We adopted Gwendolyn Stacy in February 2015, from the Lynchburg Humane Society. Ideally, we wanted to get a cat to be friends with our Aeris, in the event that our dog Mikenna died. I was concerned that because Aeris was so close with Mikenna, she would be devastated.
Our criteria for adopting a cat was pretty simple. We wanted a "less adoptable" cat, meaning:
- Existing health issue
- At the shelter for an extended period
Animals that fit one or more of those categories are often overlooked for adoption. When it came to Gwen, she was an adult cat and had been at the shelter for two years and two months. She looked like such a sweet girl that I couldn't imagine why she was still there. So I decided to go pay her a visit.
It didn't take long to figure out why she was there. Gwen was a total recluse. She didn't look up or acknowledge me when I approached and started talking to her. When I reached out to pet her, she smacked my hand. It was clear that she wanted nothing to do with me.
You'd think I would have given up on her and gone on to the next cat. But my heart had decided that this was our girl - she just didn't know it yet. I spent time with her, and she came around to me a little bit. She would let me pet the top of her head, but nothing else, and she certainly wasn't going to look at me.
I paid her a couple more visits before we brought her home. By that time, I decided that I didn't care if she ever really liked us, I just didn't want her to be stuck at the shelter any longer.
When we got her home, a completely different cat started to emerge. I thought we would be dealing with a cat that hid from us for weeks. Instead, she came out almost immediately and wanted to explore her surroundings. She was happy! It was surprising, and gave me hope that maybe she just needed a change in scenery.
Her first night home, Gwen made herself comfortable on our bed. Aeris, who hadn't experienced another cat up close since she was a kitten, was intrigued in the creepiest way possible. It became evident that Aeris didn't know how to communicate with other cats, which has caused a lot of friction in our household. We've gotten to a point - three years later - where they co-exist in relative peace, but that's the best we'll probably ever get from the two of them.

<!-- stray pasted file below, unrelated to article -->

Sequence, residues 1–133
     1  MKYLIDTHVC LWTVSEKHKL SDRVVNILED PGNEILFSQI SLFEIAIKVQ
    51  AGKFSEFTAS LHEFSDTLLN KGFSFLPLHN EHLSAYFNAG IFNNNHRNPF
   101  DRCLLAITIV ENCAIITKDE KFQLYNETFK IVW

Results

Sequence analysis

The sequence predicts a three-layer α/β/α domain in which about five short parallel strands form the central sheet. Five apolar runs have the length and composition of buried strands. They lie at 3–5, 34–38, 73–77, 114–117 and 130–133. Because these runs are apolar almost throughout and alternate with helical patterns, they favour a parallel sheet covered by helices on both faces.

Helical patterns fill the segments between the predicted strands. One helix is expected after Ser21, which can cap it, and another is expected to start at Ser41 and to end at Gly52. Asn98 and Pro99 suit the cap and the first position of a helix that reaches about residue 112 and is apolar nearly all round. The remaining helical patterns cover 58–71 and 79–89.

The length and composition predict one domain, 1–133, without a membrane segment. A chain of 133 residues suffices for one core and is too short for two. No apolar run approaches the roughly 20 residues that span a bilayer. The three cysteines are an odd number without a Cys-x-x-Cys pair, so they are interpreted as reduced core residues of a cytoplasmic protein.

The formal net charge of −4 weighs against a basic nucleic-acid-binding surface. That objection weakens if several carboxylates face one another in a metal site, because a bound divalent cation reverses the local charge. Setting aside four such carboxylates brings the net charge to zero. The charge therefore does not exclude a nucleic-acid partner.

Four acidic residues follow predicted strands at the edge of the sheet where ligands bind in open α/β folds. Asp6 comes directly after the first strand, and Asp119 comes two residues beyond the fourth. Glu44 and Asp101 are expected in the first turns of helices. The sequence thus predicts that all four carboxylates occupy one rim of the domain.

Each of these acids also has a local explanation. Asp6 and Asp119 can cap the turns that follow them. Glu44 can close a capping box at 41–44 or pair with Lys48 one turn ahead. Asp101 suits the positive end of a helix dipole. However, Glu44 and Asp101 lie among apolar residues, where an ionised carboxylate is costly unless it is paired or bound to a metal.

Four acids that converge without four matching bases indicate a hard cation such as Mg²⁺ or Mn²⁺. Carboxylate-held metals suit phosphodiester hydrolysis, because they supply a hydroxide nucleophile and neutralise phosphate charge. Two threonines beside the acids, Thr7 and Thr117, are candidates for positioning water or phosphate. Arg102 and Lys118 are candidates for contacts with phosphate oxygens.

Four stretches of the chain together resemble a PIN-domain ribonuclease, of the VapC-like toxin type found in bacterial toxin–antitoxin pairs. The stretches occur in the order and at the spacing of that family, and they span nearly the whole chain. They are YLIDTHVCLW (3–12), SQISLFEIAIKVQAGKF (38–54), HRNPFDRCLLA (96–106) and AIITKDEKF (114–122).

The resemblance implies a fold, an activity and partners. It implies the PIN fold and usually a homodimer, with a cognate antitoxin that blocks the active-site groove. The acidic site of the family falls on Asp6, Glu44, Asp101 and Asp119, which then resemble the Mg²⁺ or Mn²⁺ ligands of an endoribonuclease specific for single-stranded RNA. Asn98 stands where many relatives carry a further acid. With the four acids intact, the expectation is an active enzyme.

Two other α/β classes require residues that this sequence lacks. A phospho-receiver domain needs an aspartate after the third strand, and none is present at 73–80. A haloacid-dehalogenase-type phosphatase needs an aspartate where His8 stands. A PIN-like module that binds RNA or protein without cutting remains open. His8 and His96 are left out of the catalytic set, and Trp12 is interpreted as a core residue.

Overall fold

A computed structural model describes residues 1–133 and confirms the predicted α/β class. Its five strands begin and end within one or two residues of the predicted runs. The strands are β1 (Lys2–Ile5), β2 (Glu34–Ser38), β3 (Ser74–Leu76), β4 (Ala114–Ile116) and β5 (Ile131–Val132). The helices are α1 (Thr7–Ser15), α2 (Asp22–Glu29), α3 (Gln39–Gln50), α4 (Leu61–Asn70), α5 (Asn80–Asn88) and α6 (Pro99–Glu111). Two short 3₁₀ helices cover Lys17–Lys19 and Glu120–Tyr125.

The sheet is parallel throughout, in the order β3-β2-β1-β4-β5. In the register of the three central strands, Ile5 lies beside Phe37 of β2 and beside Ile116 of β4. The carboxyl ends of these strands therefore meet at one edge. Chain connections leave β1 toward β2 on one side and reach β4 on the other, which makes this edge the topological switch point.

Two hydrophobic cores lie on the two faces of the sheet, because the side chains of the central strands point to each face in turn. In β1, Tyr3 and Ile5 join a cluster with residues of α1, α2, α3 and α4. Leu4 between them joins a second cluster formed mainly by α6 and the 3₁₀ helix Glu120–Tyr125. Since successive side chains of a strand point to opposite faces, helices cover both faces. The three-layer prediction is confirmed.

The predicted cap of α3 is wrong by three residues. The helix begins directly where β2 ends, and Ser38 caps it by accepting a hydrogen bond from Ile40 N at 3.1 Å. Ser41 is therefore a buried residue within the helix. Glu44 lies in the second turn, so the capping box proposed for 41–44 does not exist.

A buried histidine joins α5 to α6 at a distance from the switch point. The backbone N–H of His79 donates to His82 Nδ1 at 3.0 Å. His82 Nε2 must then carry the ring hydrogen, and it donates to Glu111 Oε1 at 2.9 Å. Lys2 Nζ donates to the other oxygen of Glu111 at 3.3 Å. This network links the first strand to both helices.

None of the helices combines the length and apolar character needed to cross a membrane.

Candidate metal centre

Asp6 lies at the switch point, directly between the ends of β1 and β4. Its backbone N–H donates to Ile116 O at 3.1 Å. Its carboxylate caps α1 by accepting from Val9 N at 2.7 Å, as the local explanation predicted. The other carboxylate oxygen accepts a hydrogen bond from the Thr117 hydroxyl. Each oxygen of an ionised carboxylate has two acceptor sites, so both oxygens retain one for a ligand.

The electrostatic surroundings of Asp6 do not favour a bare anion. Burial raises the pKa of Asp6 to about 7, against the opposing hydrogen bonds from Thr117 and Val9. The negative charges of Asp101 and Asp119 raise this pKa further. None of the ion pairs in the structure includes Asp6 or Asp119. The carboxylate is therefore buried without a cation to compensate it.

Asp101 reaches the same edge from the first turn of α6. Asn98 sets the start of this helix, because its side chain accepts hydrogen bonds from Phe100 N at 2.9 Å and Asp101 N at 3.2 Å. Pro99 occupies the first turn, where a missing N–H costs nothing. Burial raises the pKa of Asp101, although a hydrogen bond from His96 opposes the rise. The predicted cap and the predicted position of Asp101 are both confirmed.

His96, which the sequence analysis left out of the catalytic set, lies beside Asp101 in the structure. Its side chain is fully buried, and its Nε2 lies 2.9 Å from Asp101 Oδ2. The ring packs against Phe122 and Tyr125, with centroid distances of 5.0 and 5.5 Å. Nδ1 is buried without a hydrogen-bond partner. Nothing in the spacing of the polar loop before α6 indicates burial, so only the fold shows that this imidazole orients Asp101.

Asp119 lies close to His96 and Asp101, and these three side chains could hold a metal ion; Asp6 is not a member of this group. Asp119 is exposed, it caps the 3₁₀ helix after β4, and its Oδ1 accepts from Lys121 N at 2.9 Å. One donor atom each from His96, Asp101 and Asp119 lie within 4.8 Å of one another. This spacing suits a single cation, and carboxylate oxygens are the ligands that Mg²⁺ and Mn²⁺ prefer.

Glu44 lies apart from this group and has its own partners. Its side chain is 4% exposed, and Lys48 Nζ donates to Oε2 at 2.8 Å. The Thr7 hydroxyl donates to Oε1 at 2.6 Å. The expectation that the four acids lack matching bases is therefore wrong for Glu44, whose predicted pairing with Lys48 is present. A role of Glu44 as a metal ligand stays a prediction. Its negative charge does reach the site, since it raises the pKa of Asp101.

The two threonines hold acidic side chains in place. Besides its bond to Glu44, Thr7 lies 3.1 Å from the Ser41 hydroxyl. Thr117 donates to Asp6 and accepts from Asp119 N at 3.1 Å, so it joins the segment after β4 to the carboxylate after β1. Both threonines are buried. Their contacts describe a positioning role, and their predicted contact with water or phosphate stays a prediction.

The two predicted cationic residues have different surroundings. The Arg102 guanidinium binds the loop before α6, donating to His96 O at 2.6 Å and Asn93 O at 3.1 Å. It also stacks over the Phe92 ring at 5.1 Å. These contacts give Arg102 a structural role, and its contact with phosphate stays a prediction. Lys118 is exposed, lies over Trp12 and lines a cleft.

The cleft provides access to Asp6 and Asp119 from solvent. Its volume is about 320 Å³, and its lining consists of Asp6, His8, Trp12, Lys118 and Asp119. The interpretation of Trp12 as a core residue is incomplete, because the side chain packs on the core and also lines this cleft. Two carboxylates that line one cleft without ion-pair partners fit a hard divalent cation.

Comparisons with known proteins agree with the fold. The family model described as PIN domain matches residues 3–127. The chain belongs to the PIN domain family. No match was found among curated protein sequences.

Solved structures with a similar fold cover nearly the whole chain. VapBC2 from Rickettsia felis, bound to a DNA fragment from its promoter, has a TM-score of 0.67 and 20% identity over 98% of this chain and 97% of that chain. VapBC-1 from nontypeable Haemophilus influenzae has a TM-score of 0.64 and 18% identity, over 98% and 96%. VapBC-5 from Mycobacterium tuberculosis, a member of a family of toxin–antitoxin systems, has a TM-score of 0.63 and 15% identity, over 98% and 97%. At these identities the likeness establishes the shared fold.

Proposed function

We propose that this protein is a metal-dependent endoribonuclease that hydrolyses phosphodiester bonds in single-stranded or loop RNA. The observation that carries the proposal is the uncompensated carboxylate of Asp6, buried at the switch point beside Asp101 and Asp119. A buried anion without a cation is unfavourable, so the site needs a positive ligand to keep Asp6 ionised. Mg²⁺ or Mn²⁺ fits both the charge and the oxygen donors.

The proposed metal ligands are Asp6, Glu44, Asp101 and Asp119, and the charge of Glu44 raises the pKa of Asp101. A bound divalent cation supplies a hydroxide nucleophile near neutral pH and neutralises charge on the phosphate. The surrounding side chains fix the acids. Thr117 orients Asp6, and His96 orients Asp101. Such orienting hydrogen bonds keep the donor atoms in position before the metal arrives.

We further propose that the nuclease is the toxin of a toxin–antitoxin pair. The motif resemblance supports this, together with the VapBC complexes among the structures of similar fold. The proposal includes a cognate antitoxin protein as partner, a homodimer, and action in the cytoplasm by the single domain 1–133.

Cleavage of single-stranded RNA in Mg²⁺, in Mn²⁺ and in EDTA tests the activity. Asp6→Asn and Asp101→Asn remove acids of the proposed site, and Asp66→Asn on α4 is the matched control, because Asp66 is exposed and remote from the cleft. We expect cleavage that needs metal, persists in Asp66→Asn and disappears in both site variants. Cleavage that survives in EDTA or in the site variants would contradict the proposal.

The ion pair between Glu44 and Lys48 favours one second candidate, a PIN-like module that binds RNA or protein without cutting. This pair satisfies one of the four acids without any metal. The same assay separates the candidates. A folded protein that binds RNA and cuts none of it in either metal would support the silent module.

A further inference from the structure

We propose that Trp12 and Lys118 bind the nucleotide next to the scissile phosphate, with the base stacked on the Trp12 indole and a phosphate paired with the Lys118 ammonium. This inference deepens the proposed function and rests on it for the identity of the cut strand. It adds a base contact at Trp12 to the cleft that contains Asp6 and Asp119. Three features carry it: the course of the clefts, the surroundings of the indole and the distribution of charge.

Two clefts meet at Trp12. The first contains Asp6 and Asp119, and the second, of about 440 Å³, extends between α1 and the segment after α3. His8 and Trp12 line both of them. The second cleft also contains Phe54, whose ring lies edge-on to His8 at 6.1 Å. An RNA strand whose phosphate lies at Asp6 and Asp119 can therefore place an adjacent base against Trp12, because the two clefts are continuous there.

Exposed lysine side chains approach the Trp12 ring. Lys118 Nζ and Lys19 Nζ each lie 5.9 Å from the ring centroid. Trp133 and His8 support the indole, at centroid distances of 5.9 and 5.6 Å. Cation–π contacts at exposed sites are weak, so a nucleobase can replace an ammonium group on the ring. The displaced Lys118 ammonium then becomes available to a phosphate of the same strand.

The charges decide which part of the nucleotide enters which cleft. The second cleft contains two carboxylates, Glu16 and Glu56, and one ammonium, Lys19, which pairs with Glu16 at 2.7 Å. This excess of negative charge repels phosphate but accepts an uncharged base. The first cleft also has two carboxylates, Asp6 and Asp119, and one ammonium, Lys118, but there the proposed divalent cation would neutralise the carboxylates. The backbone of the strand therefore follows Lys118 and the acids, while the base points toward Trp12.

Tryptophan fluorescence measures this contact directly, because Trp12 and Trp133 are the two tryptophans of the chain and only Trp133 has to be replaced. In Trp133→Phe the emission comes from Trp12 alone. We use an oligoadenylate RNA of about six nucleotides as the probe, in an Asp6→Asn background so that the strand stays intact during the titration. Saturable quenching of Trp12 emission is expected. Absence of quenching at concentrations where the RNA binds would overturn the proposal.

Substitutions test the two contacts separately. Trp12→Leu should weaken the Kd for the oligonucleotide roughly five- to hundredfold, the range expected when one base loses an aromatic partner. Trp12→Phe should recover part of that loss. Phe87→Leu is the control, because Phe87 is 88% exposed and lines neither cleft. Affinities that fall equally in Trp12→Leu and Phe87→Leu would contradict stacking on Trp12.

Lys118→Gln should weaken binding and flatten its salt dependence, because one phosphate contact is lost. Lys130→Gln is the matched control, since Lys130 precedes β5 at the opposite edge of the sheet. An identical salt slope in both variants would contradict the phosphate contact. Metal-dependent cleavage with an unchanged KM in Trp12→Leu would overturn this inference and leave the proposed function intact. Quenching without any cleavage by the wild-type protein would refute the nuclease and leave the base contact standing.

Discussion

I noticed within the first few days that Gwen would periodically stop what she was doing and make this weird "nyah nyah" sound and shake her head. Having NO idea what this meant, I wondered if she had some underlying brain problem. It was super bizarre.
We took her to the vet to get her checked out, and they didn't find anything wrong with her, however, she wouldn't let the vet anywhere near her mouth. They recommended a dental visit for her. $1200 or so later, we found out that Gwen has a disorder where her body attacks it's own enamel. Her mouth was a mess, and no teeth could be salvaged from that.
From that we learned that Gwen had been living in obscene amounts of pain for some length of time. The vet said that they couldn't believe she was as sweet as she was, because she had every right to be a complete jerk. (My words, not theirs)
Sure enough, as she healed up, we finally started to see her true personality. Not only was she a really sweet, cat, but she was a sassy, goofy little character. She enjoys headbutting our hands and arms when she's happy or wants attention. Much to my surprise, she's turned out to be a chatty little girl as well, always happy to meow and trill at us.